In the well-known diagram position Kramnik played the interesting and strong novelty 14.Bd3, instead of 14.Nde4, which was tested by Aronian against none other than Radjabov in Linares 2006. Teymour found a good plan and soon Kramnik felt in danger and so decided to simplify the position but got a slightly worse position. Fortunately for him Radjabov decided not to take chances and offered a draw. Probably 18. Qa4 is the only way to try improving Kramnik's play in this game.
Already in the next round Motylev decided to check Black's preparation in another line of the Gligoric system.
Here he played 11.dxe5 instead of Kramnik's 11.d5 and on the 14th move he showed his improvement on Wells, P - Kritz, L, MTO Biel 2004 (see the PGN Archive), which featured 14.h3 with 15.Qa5 to follow. Instead Alexander played 14.Qa5 immediately and it seemed that he would set Black some problems. However, once again Radjabov showed his great understanding of typical King's Indian positions and slowly outplayed his opponent. Even in the analysis it's difficult to see where White can set Black serious problems, and the ball remains on White's side, see Motylev, A - Radjabov, T, Wijk aan Zee (12) 2007.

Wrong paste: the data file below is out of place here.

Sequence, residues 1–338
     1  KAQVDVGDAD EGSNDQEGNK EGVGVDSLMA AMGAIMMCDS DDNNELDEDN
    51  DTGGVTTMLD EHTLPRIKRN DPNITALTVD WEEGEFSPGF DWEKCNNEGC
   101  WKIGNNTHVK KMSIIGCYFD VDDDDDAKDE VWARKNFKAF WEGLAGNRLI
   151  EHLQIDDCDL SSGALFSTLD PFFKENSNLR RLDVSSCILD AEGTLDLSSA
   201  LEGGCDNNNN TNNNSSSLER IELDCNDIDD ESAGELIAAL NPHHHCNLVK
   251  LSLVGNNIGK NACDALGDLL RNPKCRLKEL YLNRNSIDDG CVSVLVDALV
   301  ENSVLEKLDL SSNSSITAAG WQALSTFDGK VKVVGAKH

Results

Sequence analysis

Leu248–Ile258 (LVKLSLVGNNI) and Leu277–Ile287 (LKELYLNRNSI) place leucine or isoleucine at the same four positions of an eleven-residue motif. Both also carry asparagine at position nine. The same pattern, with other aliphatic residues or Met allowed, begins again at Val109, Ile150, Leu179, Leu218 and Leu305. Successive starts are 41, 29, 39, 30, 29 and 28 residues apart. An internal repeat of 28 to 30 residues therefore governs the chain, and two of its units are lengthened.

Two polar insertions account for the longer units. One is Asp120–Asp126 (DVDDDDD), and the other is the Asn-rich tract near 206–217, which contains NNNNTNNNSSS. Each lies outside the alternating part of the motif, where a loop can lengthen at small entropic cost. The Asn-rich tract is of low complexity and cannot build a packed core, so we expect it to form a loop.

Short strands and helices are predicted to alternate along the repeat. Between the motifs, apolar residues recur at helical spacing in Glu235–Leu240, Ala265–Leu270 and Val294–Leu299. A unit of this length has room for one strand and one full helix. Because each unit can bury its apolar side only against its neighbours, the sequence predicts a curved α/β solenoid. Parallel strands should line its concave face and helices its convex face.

Now we'll go back in time, to the 1st ACP Rapid Cup, played at the beginning of January 2007. Before facing Motylev's 12.Qd5+ in Wijk aan Zee he had to deal with 12.c5 in the game Ivanchuk, V - Radjabov, T. Radjabov immediately played the novelty 12...Nc6 instead of 12...Be6 (which occurred in the game Nickoloff,-Huzman,A - see the PGN Archive again). By move 15 Black had equalized the position but after Ivanchuk's inaccuracy on the next move (16.Qb5?!) he missed a chance to take the initiative with 16...a6. Then he committed a number of inaccuracies and despite his resourceful defense had to resign the game in a deep endgame facing Ivanchuk's brilliant technique. This game remains his only defeat in the King's Indian this year and despite the loss Black doesn't seem to experience any problems in this line.